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Yes, the Unlucky Expert, who knew all the percentages, but they did not always apply to amazing bad judgment used by his opponents.
Oct. 14
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I play another rule which comes up often. When one player invites game, the partner can pass or not pass. But if not-pass is chosen, it is game forcing.
The classic example is
1 1, 3 3

Applying the rule, 3 is invitational so 3 is game forcing.
The 3 bid in the original question is invitational (when not playing strict 2/1). So, 3 is a Game Force.
Oct. 4
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Why not “At least 2 females and at least 2 males”?
Frankly, there are many reasons for having a minimal restriction - one (or more) player(s) may have a special restriction (health, business, early or late arrival or departure). Surely it is better to allow the players to make flexible arrangements, especially if 4 males and 2 females anticipate playing in other events as a team.
Perhaps this is directed slyly at 2 same sex professional players being hired by four same sex amateurs?
Legacy legislation should be removed or at least seriously considered (and explained).
Oct. 4
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Just say, “Mr. Smith, please ask your partner if she has any questions before leading your singleton in such a dramatic fashion.”
Sept. 29
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These are fine comments. I would add this - are the opponents “better” (lots more master points, known experts, in the next higher bracket usually)? Then just before you bid, consider whether they are likely to have a similar auction. If yes, then all of these rules (and perhaps better ones) will be used by them!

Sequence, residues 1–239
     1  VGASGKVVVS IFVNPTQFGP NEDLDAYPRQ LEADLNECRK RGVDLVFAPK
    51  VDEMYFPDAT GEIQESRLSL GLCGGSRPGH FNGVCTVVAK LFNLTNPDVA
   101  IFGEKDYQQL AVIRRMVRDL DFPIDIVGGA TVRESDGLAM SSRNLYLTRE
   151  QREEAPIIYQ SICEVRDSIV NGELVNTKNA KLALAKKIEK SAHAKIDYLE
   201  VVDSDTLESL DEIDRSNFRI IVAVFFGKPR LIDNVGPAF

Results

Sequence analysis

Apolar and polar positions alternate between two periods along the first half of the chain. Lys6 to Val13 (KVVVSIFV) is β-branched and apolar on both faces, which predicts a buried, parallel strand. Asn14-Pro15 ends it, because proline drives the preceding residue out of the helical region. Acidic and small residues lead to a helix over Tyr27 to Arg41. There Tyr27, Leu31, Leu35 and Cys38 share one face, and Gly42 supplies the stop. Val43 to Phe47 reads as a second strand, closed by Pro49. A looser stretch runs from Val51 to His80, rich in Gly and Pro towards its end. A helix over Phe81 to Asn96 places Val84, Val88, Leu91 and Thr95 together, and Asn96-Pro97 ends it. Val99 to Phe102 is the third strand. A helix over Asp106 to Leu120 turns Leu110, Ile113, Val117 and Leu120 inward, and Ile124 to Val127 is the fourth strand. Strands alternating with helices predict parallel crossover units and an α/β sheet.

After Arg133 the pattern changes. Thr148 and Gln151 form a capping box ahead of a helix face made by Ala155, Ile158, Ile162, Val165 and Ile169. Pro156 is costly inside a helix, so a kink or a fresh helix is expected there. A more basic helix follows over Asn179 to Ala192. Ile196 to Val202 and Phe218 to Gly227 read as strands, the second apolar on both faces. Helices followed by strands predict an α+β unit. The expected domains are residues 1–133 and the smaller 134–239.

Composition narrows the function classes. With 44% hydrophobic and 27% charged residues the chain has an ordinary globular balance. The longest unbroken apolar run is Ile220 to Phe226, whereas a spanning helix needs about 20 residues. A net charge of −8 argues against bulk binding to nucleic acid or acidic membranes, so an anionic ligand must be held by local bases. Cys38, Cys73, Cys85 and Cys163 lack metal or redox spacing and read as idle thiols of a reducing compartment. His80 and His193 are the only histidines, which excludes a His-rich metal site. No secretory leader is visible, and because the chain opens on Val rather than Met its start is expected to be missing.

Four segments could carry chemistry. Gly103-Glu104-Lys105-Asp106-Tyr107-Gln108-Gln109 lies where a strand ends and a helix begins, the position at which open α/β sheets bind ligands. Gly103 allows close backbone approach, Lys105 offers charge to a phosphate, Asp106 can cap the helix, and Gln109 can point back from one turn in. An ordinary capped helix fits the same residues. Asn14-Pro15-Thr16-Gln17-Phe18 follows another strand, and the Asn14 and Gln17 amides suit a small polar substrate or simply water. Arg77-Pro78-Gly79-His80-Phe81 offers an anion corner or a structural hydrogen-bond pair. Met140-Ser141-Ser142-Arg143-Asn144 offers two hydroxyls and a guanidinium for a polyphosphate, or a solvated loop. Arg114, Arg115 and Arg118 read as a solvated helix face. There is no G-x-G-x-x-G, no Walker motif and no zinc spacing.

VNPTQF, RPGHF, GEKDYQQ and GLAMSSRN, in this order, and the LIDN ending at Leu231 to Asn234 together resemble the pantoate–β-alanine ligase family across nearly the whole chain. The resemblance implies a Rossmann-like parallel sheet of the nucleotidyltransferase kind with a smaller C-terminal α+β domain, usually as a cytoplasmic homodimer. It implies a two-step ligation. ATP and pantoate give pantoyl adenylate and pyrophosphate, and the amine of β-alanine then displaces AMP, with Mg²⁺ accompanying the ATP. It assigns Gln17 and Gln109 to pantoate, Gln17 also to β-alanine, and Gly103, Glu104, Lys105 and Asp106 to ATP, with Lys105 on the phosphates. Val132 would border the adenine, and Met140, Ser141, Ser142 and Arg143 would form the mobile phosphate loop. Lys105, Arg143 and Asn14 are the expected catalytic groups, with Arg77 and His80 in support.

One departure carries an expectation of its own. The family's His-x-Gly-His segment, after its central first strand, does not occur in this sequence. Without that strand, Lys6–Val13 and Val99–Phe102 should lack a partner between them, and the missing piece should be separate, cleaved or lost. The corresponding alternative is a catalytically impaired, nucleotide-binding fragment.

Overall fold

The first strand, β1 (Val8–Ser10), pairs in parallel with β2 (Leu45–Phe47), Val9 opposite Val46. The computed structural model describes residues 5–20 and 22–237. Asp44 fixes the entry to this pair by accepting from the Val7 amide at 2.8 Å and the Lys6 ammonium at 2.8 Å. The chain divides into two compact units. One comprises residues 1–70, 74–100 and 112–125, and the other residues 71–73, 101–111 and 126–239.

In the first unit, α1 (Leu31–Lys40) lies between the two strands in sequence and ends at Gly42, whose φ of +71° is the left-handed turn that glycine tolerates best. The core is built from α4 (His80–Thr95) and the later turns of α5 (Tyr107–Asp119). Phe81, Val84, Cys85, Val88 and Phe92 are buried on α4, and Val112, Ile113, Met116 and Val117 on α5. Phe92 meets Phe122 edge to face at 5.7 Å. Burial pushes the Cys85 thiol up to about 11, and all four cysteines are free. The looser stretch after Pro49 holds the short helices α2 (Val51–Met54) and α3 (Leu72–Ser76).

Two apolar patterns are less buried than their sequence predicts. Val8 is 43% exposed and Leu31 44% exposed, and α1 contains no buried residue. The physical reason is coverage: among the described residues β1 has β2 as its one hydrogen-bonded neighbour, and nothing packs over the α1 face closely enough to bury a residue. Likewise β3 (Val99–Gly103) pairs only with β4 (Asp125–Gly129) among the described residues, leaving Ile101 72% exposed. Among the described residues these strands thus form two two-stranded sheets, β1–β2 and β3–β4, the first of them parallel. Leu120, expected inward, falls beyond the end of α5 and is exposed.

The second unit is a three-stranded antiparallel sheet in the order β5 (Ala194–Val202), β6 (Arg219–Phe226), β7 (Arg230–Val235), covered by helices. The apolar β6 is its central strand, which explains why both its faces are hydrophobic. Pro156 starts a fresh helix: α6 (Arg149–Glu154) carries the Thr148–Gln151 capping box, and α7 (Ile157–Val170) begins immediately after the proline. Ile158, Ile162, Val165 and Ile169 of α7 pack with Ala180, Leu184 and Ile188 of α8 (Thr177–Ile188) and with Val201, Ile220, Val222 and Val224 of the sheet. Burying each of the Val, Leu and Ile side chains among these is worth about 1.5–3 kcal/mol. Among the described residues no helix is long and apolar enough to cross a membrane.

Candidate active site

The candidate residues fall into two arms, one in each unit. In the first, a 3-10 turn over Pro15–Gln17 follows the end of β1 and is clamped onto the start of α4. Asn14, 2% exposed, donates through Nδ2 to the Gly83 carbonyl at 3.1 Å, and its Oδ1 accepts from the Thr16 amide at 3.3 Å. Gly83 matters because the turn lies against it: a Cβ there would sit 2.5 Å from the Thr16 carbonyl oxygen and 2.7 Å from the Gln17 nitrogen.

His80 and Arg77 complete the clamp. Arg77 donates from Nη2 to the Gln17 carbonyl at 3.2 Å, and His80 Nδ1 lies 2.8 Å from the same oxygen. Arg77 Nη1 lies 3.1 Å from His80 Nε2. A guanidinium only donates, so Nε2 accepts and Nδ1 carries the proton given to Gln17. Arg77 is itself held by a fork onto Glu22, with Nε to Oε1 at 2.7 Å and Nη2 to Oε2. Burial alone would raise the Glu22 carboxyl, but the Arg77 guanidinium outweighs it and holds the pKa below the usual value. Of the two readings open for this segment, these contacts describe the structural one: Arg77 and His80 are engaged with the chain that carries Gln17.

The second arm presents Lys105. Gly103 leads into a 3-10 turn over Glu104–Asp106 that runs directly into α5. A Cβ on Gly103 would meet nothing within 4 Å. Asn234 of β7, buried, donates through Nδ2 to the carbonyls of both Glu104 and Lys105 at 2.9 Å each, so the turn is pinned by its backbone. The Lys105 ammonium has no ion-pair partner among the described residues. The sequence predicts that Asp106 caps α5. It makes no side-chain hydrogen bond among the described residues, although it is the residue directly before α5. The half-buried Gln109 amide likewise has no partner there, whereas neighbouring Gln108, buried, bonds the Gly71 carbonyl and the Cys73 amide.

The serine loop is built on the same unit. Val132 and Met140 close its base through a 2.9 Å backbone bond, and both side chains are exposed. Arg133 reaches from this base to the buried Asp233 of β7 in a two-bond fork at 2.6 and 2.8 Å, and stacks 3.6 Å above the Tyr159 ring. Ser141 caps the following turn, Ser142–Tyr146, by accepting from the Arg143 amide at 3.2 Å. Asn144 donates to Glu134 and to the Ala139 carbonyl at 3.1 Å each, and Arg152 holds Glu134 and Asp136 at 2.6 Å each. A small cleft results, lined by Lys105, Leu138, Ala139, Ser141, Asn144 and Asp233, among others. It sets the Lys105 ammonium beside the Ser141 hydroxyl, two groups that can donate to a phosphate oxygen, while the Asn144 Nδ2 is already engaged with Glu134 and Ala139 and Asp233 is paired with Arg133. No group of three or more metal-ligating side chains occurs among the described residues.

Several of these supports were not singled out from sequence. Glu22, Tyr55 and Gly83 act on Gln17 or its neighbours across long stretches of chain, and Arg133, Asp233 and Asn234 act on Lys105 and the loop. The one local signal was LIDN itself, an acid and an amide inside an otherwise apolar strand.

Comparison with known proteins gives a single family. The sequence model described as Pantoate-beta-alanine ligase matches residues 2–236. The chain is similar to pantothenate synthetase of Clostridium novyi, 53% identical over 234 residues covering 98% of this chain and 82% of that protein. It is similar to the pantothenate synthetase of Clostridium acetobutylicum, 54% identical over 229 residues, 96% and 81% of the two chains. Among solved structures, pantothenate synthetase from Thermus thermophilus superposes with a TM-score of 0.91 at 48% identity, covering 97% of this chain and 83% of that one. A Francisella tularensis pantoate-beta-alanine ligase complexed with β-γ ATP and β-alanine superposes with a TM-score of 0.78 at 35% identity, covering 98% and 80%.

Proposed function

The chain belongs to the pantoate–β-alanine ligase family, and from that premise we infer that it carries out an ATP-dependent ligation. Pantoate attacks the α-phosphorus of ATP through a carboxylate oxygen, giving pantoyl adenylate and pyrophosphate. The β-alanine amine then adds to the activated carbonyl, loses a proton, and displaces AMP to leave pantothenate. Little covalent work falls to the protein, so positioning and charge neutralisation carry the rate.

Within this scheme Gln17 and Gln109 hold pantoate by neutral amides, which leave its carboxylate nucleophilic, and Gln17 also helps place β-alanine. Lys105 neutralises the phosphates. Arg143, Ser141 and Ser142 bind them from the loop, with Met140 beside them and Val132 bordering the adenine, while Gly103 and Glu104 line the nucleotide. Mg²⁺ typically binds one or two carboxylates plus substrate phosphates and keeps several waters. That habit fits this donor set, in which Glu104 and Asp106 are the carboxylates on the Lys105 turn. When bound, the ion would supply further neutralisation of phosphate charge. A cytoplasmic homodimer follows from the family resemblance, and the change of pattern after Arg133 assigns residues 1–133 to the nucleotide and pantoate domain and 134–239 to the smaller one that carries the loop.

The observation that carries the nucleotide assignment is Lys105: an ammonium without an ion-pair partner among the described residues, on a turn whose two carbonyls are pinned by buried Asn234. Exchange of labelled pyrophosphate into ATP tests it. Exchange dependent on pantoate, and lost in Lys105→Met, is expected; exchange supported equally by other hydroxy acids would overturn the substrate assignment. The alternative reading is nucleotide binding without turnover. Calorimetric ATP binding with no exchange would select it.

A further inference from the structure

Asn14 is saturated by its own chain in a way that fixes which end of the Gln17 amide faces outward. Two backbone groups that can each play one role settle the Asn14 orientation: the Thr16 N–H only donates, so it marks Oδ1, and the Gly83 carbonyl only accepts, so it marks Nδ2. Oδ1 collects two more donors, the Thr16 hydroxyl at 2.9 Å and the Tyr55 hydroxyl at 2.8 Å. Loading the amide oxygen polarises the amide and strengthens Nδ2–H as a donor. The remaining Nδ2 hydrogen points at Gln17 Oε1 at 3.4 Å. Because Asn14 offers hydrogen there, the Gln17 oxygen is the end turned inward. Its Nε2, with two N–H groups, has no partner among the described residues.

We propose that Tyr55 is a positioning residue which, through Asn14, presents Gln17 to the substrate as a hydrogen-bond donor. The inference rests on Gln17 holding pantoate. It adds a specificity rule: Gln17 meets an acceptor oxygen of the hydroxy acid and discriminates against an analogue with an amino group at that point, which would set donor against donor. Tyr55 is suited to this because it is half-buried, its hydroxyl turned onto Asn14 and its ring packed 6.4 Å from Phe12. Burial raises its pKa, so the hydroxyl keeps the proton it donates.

If high card points are the basis for further bids, then be conservative. If distributional values (which seem to be a plus) are part of your evaluation, then bid onwards.
Finally, for each “invitational” auction, make up a sheet of examples, say 6 acceptances and 6 non-acceptances. Similarly, for the opener, and the auction (for example) 1S-2S, make up 6 or so 3C bids and 6 hands which do not call for a 3C bid (also - distinguish with other sheets of hands between opener's rebids of 2NT, 3S and 3C).
Improving players sharpen their judgment with well-chosen examples not by rules imvolving only points.
Sept. 23
Spencer Hurd edited this comment Sept. 23
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West has 11 points and no aces and a mediocre suit. His K is worthless. His partner has only a limit raise. He must signoff with 3. Question: is 3 recognizable as a mild game try with a hand not powerful enough to just bid game, or is it a slam try? It looks like East thought 3 was a slam try. So, 3 is bad enough in itself to fail for the semester (er, hand that is).